With a new record number of comment letters still to delve through on risk-based capital, NCUA is addressing associational common bonds at its monthly board meeting Thursday, a prelude to the agency's effort to tackle another big-ticket piece or regulation for credit unions: field of membership.

Associational common bonds was put on the agenda for the meeting that is coming just days after the deadline for submitting comments on what has come to be known as RBC2.

If NCUA officials ever expected the revisions they made to their proposed risk-based capital rule would serve to tamp down the objections that accompanied its original rollout back in back in January 2014, those illusions probably vanished more than 2,000 comment letters ago.

NCUA reported Tuesday it had received 2,167 letters commenting on its second risk-based capital draft, breaking the previous record set just last year when the agency received a then-unprecedented 2,056 letters on its first risk-based capital proposal.

And as was the case the first time around, few — if any — of the correspondents wrote in to say "good job."

The second wave of critical commentary makes it likely NCUA will make at least some revisions before unveiling a final rule.

Following receipt of the first tranche of letters, NCUA made a number of significant changes to the original draft. It pushed the effective date for the rule back more than two years, to Jan. 1, 2019, lowered threshold an institution would have to meet to be well-capitalized from 10.5% to 10%, and it altered its definition of "complex" from credit unions with more than $50 million of assets to those with more than $100 million.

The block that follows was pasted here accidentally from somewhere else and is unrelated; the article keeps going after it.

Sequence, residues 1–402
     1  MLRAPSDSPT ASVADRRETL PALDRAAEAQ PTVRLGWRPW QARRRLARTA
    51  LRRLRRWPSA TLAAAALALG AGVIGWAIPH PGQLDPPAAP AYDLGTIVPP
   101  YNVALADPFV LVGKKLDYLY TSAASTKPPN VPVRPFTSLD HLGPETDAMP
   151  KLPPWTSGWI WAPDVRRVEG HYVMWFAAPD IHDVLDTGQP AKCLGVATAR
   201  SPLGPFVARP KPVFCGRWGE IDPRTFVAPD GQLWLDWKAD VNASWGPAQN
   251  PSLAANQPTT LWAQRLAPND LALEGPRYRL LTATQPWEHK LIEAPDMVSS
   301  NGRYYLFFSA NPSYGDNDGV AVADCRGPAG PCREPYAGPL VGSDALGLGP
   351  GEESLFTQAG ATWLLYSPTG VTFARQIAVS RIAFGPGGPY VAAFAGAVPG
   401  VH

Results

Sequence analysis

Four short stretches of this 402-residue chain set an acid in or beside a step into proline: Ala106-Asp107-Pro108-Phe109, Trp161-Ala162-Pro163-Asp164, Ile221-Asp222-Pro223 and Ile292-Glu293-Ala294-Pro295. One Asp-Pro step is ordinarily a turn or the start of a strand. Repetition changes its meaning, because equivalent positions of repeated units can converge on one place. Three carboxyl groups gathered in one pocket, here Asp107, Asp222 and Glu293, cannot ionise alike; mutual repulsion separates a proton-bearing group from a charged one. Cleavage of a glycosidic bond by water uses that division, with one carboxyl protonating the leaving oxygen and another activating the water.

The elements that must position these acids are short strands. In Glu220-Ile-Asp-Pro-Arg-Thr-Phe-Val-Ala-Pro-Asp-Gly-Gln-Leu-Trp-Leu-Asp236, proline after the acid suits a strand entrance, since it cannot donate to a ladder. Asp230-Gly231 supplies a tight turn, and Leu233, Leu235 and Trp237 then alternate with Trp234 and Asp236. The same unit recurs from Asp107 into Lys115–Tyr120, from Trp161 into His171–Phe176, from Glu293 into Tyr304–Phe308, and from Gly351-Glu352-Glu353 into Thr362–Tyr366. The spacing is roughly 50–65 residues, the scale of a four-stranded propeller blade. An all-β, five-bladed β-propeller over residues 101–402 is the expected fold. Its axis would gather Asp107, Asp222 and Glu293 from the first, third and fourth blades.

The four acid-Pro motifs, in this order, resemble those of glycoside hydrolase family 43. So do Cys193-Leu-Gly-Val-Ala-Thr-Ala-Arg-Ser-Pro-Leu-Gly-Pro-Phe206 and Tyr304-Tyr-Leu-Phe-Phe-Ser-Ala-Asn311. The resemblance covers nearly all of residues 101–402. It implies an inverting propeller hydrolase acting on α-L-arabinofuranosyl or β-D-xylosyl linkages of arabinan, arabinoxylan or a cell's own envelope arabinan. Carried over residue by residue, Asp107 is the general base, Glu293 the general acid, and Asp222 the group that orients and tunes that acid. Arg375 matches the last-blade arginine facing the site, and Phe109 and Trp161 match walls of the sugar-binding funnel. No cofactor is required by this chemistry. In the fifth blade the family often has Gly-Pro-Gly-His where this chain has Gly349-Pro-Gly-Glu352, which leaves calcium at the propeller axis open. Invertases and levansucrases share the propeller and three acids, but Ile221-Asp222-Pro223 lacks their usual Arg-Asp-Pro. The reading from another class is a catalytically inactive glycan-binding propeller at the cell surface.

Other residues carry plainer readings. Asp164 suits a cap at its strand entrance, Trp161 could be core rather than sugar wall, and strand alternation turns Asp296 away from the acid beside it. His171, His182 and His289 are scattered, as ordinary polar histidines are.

That last change is key because only complex credit unions will be subject to the rule, but it's also noteworthy as NCUA is also exploring changing how it defines "small," with a current, unrelated proposal suggesting moving that threshold from $50 million to $100 million.

Letter-writers have suggested a number of additional changes they would like to see made to the risk-based proposal, from dropping it altogether, to adjusting the risk weights attached to various asset classes, to coming up with a formula that uses business activity instead of rather than asset size to define complex credit union.

Regulators are weighing the pros and cons of all those ideas, but one recommendation they are likely to give extra-special attention to is the call for supplemental capital.

Net worth, the fundamental measure of credit union capital, is limited by law to retained earnings.  Advocates for supplemental capital argue that since risk-based capital is distinct from net worth, NCUA has the authority to include supplemental capital in any risk-based scheme and should do so to cushion its regulatory impact.

Each of the three major credit union trade groups, CUNA, NAFCU and the National Association of State Credit Union Supervisors included a call for supplemental capital in their comment letters, as did Cutler Dawson, CEO of the nation's largest credit union, $66.9 billion-asset Navy Federal Credit Union.

The growing drumbeat threatens to put NCUA in a difficult spot. The institutions it oversees want access to secondary capital badly, but the prevailing regulatory currents are blowing against it. The BASEL III framework, which is being implemented by bank regulators around the world, places a strong emphasis on common equity as the purest source of capital, according to Samantha M. Kirby, an attorney at Goodwin Procter LLP in Boston.